First of all, the vinegar test is not very reliable. It's better to use a stronger acid if you can, and scratch a bit of the rock up; and even then it's not always apparent. All it does is reveal whether there are carbonates in the rock (acid reacts with carbonates, releasing CO2). For example, dolomite is hard for a lot of people to identify on mineralogy tests and what not, because it rarely fizzes, even when using a stronger acid. I doubt it would fizz at all with vinegar. It can still be a useful test, just keep in mind that it's a test prone to false negatives.
Another test that can help is to scratch it with a piece of steel (a nail, knife point, etc.). If you can't scratch the rock, it's probably some sort of silicate (very gross generalization) and may possibly be safe (big if). If you can scratch the rock with steel, it's not necessarily unsafe, but most of the rocks that will affect pH/hardness are going to be on the softer side of the Moh's scale.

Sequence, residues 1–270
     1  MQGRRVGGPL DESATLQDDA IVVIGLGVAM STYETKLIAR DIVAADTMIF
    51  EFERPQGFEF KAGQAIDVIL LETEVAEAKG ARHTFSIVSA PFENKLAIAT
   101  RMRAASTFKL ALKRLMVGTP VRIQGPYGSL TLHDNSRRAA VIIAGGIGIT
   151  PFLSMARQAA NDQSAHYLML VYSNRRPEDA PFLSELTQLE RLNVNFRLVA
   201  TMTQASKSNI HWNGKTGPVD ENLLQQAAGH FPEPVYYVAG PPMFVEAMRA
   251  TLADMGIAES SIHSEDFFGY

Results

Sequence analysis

The first group looks like it might be some sort of breccia. It's going to be tricky to say much more then that, since it's composed of a bunch of smaller individual rocks and a matrix, all of which can have very different mineral contents.
And, I've got nothing on the second group...